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The Validity of the Quick Renal MRI in Pediatric Kidney Disease

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ClinicalTrials.gov Identifier: NCT03959163
Recruitment Status : Recruiting
First Posted : May 22, 2019
Last Update Posted : May 22, 2019
Sponsor:
Information provided by (Responsible Party):
University of Wisconsin, Madison

Brief Summary:

The investigators propose a new imaging method for children born with congenital anomalies of the urinary tract that is a rapid, injection-, sedation-, and radiation-free alternative: the quick renal MRI. This proposal hypothesizes that the quick renal MRI has high validity compared to current radiologic standard for renal infection and scarring, the 99mTechnetium-dimercaptosuccinic acid (99mTc- DMSA) renal scan in the detection of acute renal infections and scars. If the quick renal MRI is accurate, it could potentially replace the DMSA scan for those specific questions and ease the burden of testing for children with chronic renal disease. Findings from these studies will provide preliminary data and rationale for a multi-centered study to further test this new technology.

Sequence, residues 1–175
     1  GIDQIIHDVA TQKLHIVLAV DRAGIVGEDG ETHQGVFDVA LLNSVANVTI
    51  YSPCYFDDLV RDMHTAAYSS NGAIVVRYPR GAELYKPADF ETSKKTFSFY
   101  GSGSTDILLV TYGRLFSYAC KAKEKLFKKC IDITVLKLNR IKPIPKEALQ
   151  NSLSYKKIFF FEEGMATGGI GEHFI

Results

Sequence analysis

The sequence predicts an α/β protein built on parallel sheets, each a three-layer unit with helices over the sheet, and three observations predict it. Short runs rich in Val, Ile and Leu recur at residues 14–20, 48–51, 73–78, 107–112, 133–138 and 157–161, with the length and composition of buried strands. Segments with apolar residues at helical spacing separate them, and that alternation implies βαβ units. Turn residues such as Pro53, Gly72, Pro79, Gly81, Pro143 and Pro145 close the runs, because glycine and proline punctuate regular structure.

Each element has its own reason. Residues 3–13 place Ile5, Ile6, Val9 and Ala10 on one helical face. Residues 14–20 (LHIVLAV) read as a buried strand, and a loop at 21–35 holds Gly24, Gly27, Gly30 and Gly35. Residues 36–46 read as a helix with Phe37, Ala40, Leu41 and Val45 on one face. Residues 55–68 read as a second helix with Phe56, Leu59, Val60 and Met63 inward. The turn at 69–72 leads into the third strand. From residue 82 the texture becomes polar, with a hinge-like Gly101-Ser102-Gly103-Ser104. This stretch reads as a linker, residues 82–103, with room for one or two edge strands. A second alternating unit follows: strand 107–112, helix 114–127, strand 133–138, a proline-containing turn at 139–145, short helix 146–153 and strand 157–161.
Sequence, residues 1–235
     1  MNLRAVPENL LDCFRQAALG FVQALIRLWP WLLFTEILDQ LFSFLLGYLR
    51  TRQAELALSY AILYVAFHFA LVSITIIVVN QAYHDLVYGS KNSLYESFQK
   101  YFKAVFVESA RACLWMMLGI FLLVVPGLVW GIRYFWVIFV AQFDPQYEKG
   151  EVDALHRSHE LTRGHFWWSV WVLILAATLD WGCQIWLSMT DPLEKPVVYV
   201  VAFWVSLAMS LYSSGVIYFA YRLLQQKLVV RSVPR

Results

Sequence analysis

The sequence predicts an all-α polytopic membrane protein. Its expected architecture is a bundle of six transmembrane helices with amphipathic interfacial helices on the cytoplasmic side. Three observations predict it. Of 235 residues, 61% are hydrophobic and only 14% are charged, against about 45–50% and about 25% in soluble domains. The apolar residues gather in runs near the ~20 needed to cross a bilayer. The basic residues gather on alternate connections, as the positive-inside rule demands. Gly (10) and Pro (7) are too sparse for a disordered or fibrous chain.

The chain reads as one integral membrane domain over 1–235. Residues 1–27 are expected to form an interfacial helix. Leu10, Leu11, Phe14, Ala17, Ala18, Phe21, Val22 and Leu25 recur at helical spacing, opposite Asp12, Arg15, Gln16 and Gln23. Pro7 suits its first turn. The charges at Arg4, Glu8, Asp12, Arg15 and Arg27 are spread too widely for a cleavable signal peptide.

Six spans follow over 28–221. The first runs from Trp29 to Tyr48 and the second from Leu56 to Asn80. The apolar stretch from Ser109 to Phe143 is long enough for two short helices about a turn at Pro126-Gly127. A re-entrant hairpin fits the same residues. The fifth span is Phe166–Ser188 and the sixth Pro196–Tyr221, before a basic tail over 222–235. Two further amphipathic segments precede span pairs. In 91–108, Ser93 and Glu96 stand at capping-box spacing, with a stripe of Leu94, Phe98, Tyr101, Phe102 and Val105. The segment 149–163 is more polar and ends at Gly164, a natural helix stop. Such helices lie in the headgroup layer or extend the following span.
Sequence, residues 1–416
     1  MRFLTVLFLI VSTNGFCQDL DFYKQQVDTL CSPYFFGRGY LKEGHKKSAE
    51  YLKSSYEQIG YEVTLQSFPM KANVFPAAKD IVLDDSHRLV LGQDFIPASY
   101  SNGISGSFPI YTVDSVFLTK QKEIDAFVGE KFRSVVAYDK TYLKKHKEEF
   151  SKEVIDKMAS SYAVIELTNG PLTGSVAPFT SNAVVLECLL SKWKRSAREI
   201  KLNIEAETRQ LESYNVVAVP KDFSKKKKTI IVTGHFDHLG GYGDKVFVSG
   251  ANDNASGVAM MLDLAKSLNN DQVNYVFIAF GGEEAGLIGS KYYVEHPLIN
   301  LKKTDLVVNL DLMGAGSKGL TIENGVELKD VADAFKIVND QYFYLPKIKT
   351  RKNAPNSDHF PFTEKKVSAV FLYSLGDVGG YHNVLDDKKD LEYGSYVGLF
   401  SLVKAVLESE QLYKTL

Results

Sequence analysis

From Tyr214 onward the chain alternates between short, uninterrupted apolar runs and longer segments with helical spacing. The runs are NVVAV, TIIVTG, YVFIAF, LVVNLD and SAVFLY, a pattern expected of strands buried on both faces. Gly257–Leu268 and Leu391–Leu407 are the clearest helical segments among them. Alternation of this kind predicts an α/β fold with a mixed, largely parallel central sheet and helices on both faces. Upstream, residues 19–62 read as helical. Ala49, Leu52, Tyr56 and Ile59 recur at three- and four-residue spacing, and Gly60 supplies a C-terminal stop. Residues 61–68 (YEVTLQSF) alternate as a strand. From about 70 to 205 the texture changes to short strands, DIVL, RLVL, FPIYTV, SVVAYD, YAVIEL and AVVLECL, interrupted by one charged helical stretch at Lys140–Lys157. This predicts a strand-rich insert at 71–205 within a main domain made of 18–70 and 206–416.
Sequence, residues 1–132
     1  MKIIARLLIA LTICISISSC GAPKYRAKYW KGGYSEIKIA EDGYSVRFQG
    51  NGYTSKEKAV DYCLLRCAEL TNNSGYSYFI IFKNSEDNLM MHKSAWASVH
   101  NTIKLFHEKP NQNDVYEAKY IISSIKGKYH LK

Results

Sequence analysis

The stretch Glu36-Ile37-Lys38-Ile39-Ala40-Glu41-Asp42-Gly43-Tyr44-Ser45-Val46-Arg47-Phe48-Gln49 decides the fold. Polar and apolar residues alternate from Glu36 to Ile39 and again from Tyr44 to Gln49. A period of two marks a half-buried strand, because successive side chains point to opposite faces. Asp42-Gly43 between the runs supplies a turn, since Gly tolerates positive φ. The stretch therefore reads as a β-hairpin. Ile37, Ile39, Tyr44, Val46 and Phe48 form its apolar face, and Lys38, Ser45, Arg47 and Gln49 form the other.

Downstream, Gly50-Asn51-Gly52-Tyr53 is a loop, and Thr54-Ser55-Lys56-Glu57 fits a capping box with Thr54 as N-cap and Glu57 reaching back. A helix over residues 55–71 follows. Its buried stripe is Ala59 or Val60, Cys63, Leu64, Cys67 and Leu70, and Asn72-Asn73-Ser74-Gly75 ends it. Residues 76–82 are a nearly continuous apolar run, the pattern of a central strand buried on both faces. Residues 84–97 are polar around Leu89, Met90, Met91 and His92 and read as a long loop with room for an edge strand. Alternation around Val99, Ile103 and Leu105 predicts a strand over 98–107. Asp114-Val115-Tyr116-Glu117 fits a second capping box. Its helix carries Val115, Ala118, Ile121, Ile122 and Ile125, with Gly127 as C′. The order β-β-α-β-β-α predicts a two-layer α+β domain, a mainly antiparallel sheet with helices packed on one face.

Participants will be 0-21 years of age and can expect to be on study for from 1 week (if enrolled in Aim 1) to 6 months (if enrolled in Aim 2).


Condition or disease Intervention/treatment Phase
Pyelonephritis Pyelonephritis Acute Renal Sclerosis Diagnostic Test: Quick MRI Not Applicable

Detailed Description: